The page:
That was a pretty memorable class, too.  Some of the students I remember the best were in the same class as him, the same period in the same year.  Like Protractor Girl.  And the student who sat a few rows behind me at a Kings game once.  And one of the handful of students who have been consistently in touch with me since they left the school.  And the daughter of a coworker who had a hilarious quote about one lesson that I’ve shared with every class since.  But I don’t remember this kid at all.

I feel bad when I realize that there are former students who I don’t remember.  A few years ago, I wrote (warning: there are a few of you with whom I’ve discussed some of my fiction writing other than what has appeared on this site, and clicking the following link may contain spoilers about the events that inspired that writing) about a particularly memorable experience about forgetting a former student.  But in that case, eleven years had passed in the time since I had had that student, and I had moved.  This time, it was not nearly as long, and I’m still at the same school, with his sister in my class right now.

I just got out the yearbook from his year to see what this kid looked like.  And he wasn’t there.  That made this whole thing look even more creepy at first… but probably not, he was probably just absent on picture day.  I found his picture in the yearbook for a different year, though.  And he still doesn’t really look familiar, except for the fact that I can see the resemblance to his sister who is in my class right now.  While I was looking through the yearbook, though, I saw so many other names and faces whom I hadn’t thought about in years.

I’m sure I’m not the only teacher who goes through this.  I’m sure it’s perfectly normal, after having 140-150 students every year, that I’m not going to remember every single one.  It just makes me feel bad.

I don’t spend a whole lot of time reading those papers about my students.  Maybe I should get them back out every few months as I get to know the students.  And in the meantime, I’m glad that this student thought I was a good teacher, even though I don’t feel like one since I don’t remember him.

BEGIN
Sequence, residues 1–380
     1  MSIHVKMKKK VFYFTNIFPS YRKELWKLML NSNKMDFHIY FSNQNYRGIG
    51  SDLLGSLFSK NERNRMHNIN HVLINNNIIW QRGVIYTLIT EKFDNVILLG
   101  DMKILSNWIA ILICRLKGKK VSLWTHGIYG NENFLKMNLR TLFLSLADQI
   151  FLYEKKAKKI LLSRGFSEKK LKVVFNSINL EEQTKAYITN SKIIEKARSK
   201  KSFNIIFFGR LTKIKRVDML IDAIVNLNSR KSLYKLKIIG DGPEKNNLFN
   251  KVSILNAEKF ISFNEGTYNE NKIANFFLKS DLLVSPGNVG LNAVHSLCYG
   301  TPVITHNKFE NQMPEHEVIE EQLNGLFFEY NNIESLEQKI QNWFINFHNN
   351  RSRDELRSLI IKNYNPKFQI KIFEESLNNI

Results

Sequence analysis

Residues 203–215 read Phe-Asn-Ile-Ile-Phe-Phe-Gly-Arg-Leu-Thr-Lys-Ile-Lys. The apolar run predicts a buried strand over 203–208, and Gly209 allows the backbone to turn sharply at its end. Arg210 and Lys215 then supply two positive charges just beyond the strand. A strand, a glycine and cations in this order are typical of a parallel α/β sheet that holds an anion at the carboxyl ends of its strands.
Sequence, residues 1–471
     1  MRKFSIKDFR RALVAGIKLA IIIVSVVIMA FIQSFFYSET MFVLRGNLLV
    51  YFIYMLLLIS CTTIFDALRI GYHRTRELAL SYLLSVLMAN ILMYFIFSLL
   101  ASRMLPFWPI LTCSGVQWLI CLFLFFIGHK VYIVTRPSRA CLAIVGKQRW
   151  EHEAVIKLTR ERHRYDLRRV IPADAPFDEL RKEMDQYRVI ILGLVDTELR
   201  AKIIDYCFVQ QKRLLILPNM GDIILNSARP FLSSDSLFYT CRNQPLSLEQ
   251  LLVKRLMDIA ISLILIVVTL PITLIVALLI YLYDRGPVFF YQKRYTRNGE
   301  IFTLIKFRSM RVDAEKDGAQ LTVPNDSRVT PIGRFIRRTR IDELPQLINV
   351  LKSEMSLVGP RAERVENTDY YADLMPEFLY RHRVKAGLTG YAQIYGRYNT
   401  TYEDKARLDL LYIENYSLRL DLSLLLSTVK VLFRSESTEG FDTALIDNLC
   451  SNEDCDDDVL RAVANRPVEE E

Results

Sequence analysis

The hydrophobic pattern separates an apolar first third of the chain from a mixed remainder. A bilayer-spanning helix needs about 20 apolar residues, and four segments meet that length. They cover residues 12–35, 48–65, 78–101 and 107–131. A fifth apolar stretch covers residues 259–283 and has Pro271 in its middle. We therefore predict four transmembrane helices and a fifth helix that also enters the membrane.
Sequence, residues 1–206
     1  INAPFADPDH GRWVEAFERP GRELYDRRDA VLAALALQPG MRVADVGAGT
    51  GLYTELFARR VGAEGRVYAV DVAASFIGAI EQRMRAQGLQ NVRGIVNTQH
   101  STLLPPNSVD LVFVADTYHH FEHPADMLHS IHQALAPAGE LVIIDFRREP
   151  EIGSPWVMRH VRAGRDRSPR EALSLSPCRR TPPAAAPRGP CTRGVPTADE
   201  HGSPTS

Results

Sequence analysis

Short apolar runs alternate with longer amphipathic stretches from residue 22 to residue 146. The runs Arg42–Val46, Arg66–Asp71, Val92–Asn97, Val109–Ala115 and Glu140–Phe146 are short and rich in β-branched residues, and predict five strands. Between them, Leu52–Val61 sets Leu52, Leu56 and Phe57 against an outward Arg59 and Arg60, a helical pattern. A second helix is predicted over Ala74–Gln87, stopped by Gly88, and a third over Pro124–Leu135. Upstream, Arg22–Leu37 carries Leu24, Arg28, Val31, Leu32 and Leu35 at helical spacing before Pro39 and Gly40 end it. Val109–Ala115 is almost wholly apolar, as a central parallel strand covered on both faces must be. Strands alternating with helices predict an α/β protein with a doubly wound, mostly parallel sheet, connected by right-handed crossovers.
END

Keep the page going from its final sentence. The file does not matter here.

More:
Exit 171. Assumptions need to be challenged.

A couple weeks ago, I was asked to help out with something at school.  I was prepared for the possibility about a week in advance, and I said sure, because it was not anything particularly taxing.  Given the circumstances, which aren’t really relevant here, it was not going to be known until the last minute if they needed my help.  (This essentially involved a contingency plan, because a guest speaker was unexpectedly in a situation where she may have had to cancel unexpectedly.)  And sure enough, at the last minute they asked me to do what I had prepared for.

As I was leaving work that day (it was a Thursday), the principal thanked me again for my help, and my willingness to step up.  She said to send her an email with my favorite Starbucks drink, and I did.  Vanilla bean frappuccino.  As I’ve said multiple times before, I don’t like coffee.  I can’t handle the taste of coffee.  I tried, back in the ’90s when hanging out at the coffee shop was all the rage.  A couple times, I ordered coffee drinks with lots of stuff in them to make them taste better, and I couldn’t finish them because I could still taste the coffee.

Friday morning, during my first period class, the principal walks in with my drink.  I smile and say thank you, even though I can see right away that it is not a vanilla bean frappuccino.  Maybe one of my Starbucks employee friends can help me out here, since Starbucks isn’t an option yet on Google Translate… the label said “Gr Cafe Vn Frapp.”  My guess is that it was similar to my desired vanilla bean frappuccino, but with iced coffee too.

I mentioned, with students in earshot, that this wasn’t the drink I ordered.  But I really did not want to be unappreciative.   So I took a sip.  Not great, but not as bad as I expected.  I stirred in the whipped cream, which made one student tell me I was doing it wrong because I have to drink the whipped cream first.  But stirring in the whipped cream made it taste better.

I finished the whole drink.

I drank a coffee drink.  The whole thing.  For the first time in my life.

I’m probably not going to order this again.  It wasn’t that great.  But I learned something really important from this experience: Maybe some of my long-held assumptions need to be challenged.  I always thought I didn’t like anything with coffee in it, but apparently that is not entirely true.  What else out there might not be entirely true?

Exit 162. Not the new guy anymore.

I told someone recently that the upcoming school year will be my 18th year teaching (not including 2005-06, when I was traveling for half the year and substituting the other half).  How is that possible?  The students who recently graduated from high school and are starting college this year were newborn babies when I started teaching.  Where did all the time go?

And more importantly, why do I still feel like a new and inexperienced teacher?

Part of the reason is because I haven’t been teaching in the same place for very long.  I haven’t been in any one public school or school district for more than four years.  Every time I have started over, I have felt new again, since students and their parents don’t know me, and I am unfamiliar with the school culture and the curriculum.  I spent seven years at a tiny private school, and that’s kind of a different world, not to mention that there were only nine teachers and many of them had been there for a long time, so I still felt new in some ways after a while.